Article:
- Recent additions of higher-multiple select growth companies have enabled the Strategy to keep pace more effectively during periods when momentum and growth have outperformed.
- Mega cap growth stocks that have traded together and driven benchmark returns over the last several years are starting to see their performance separate, an encouraging sign for us as active managers with a more diversified focus.
- We are vetting new opportunities in areas that exhibit cyclical and secular characteristics through multiple market cycles such as health care and companies supporting the infrastructure enabling electric vehicles.
Stocks delivered their fifth-straight quarter of gains in June, the longest such bull streak since 2017 as ongoing stimulus, easy monetary policy and strong earnings provided support. The S&P 500 Index rose 8.6% in the second quarter and is up 15.3% year to date. Large cap growth stocks resumed market leadership, with the benchmark Russell 1000 Growth Index rising 11.9% to outperform the Russell 1000 Value Index by 670 basis points. Value still leads by 400 bps year to date.
Despite growth’s resurgence, market direction was less decisive and participation broader than in the previous two quarters when COVID-19 vaccine approval and the passage of generous fiscal packages offered a strong bid for value and cyclical companies. Growth stocks began to rebound from oversold levels following better than expected first-quarter earnings reports and continued to rise through the rest of the quarter after the Federal Reserve signaled its vigilance in monitoring a recent spike in inflation. Fed Chair Jerome Powell’s acknowledgement of the inflation threat and the potential to move up the planned timeline of interest rate increases initially spooked markets. Investors soon became convinced, however, that policymakers won’t tolerate runaway inflation and will address the risk progressively rather than wait too long and have to hike rates aggressively. A flattening of the yield curve following Powell’s comments also proved beneficial to longer-duration growth assets.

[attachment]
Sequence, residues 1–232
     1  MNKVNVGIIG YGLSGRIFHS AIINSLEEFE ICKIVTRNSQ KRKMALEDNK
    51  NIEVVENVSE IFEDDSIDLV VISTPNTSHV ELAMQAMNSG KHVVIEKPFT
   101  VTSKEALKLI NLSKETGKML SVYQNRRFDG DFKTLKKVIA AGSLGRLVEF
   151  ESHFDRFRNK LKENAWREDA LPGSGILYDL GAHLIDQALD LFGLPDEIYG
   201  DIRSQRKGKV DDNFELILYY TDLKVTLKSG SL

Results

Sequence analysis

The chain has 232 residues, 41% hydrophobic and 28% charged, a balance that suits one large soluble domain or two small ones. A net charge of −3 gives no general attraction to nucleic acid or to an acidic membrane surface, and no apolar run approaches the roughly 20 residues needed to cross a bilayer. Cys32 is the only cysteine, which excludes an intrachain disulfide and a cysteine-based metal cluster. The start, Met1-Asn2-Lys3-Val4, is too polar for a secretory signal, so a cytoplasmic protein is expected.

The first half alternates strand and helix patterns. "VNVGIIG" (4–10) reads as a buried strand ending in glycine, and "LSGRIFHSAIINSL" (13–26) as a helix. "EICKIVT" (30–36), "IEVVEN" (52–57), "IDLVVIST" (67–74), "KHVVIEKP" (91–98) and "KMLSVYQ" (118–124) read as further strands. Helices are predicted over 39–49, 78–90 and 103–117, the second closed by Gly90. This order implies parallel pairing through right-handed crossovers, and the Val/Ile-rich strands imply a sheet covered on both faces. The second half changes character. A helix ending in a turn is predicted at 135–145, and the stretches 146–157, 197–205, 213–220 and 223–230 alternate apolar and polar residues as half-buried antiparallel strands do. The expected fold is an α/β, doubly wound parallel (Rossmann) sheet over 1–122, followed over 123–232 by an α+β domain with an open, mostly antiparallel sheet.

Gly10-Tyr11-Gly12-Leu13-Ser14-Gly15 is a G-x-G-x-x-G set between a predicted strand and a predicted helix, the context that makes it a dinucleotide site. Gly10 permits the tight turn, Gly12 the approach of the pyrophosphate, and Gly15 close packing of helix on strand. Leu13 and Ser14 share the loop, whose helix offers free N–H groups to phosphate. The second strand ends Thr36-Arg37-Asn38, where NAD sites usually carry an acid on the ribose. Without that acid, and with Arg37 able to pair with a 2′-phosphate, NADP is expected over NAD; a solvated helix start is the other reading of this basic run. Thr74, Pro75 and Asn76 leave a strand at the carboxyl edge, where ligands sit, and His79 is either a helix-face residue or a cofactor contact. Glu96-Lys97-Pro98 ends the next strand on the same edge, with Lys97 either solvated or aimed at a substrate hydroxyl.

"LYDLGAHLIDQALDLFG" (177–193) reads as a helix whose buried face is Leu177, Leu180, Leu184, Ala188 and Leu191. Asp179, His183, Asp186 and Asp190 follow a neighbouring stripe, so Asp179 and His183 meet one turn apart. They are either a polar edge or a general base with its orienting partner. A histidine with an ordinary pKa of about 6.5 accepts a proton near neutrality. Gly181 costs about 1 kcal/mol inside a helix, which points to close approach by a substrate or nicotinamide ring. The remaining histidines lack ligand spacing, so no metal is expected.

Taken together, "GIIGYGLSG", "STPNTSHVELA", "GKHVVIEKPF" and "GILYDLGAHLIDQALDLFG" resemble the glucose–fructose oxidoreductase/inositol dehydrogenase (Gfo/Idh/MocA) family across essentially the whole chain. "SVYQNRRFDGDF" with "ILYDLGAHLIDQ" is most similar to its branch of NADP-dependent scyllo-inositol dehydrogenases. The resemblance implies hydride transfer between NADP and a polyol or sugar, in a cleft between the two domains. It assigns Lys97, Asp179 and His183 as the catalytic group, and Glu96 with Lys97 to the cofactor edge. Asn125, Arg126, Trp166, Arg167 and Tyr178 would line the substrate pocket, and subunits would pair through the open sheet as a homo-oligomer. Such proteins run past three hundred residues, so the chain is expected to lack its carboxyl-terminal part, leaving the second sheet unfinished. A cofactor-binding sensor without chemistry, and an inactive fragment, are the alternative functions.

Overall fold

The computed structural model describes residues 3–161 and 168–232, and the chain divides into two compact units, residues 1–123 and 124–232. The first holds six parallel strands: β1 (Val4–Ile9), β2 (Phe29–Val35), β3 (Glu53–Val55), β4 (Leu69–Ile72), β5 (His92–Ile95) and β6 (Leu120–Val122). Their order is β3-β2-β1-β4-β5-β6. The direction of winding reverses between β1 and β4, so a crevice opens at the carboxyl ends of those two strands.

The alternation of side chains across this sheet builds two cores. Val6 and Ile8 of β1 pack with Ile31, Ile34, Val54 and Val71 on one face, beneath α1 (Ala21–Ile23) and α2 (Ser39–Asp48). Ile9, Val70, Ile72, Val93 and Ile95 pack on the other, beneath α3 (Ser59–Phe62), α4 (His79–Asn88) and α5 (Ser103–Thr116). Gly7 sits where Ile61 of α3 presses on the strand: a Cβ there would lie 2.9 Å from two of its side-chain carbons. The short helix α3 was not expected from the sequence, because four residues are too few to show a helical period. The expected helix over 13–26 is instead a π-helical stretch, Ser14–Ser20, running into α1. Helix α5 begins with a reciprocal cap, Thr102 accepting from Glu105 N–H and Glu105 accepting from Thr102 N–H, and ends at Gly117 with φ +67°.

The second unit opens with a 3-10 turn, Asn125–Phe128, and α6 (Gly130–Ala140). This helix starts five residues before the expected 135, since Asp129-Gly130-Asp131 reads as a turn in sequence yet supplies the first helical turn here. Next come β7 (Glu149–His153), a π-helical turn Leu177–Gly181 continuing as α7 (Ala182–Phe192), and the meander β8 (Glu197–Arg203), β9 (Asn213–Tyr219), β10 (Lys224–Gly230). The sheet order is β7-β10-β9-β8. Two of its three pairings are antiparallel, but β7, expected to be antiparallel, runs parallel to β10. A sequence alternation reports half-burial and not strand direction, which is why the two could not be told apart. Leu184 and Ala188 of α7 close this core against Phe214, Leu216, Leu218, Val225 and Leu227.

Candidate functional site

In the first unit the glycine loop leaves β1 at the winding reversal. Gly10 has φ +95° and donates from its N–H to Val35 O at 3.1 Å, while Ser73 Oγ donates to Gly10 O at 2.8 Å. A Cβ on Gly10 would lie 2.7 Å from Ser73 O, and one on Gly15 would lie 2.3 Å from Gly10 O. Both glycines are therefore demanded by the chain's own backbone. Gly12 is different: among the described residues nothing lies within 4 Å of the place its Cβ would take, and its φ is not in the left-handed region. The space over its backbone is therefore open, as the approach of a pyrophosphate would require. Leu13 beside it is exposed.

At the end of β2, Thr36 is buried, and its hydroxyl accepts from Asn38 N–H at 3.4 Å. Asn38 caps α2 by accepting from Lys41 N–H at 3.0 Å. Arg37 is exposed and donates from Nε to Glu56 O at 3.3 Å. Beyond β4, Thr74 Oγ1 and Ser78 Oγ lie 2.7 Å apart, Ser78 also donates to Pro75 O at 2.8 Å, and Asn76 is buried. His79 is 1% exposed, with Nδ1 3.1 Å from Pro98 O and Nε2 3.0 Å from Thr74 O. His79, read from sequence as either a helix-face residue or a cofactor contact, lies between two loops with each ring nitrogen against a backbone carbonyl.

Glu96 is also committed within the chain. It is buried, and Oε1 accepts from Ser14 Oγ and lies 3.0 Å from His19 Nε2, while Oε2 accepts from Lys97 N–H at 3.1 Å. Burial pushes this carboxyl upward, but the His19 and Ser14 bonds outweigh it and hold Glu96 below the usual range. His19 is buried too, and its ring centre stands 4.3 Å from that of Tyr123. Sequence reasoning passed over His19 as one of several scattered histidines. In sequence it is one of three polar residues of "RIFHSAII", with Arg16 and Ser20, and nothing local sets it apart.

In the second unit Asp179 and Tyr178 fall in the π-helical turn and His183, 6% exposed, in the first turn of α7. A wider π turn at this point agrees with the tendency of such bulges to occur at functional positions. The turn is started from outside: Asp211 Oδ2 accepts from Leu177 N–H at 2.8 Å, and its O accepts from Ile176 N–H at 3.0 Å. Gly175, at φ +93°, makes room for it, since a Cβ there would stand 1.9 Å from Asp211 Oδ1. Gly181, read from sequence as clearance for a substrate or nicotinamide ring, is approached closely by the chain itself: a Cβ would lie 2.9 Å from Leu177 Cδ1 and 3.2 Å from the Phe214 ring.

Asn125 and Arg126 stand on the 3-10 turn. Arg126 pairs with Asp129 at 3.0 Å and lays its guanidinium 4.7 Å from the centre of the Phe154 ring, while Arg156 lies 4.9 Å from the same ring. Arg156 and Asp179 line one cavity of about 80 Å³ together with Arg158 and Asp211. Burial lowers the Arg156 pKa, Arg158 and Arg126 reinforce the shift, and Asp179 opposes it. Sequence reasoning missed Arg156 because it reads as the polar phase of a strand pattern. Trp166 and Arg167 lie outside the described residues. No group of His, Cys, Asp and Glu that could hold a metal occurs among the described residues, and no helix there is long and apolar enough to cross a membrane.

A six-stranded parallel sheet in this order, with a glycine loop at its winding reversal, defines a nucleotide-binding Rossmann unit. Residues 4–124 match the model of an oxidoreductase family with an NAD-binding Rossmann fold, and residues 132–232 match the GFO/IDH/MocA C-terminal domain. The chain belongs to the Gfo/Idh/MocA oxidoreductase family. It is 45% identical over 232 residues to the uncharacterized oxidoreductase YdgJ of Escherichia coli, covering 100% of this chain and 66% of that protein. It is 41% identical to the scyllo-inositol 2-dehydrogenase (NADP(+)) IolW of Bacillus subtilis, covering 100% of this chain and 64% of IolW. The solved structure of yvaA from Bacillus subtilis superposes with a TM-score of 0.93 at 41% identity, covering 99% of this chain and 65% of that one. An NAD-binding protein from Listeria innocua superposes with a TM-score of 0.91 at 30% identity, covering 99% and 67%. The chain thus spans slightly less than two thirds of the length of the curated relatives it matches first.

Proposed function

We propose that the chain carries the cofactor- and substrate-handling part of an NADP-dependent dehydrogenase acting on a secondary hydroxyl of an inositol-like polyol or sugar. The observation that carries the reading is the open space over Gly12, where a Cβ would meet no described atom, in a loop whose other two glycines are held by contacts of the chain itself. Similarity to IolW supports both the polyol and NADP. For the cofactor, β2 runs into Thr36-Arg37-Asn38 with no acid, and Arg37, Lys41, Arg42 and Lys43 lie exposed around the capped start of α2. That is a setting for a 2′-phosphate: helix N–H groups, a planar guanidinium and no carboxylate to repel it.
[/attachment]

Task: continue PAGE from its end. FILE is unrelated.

On a sector basis, communication services (+16.2%) was the best performing of the sectors with a meaningful weighting in the Russell 1000 Growth benchmark, while information technology (IT, +13.9%) also outperformed. Health care (+11%) lagged slightly while industrials (+8.7%), consumer
discretionary (+7.5%) and consumer staples (+4.1%) underperformed.
Against this backdrop, the ClearBridge Large Cap Growth Strategy slightly lagged the benchmark for the quarter. We are encouraged, however, that recent additions of higher-multiple select growth companies to the portfolio have enabled us to keep pace more effectively during trading periods when momentum and growth have outperformed. Nevertheless, our broader representation across three categories, or buckets of growth companies, acted as a headwind in a quarter where most mega cap growth stocks did well.
The FAAMGs have been treated as something of a monolith over the past several years as they have traded almost as a group. However, looking forward, we believe the market will become more selective and business models will start to separate. We began to see this dispersion pick up in the first half of the year as Alphabet, which we no longer own, and Facebook, where we maintain an overweight position, strongly outperformed the market (Exhibit 1), while Apple and Amazon.com, our other overweight among the mega caps, were not as strong.
Exhibit 1: FAAMG Performance Showing Dispersion
Ulitmately, these businesses are playing for very different things. It is incompatible to simply lump e-commerce with other businesses such as social media, cloud computing and smartphones. Different sectors will face different challenges in terms of regulations and political interference. Indeed, we should not underestimate the potential regulatory burden and political challenges that could face these companies. As it stands, they all have a bullseye on their backs, and have for many years. This time, it is multi-jurisdictional in nature and will likely be dragged out. Such risks will likely cap the multiple that you would want to pay for these opportunities.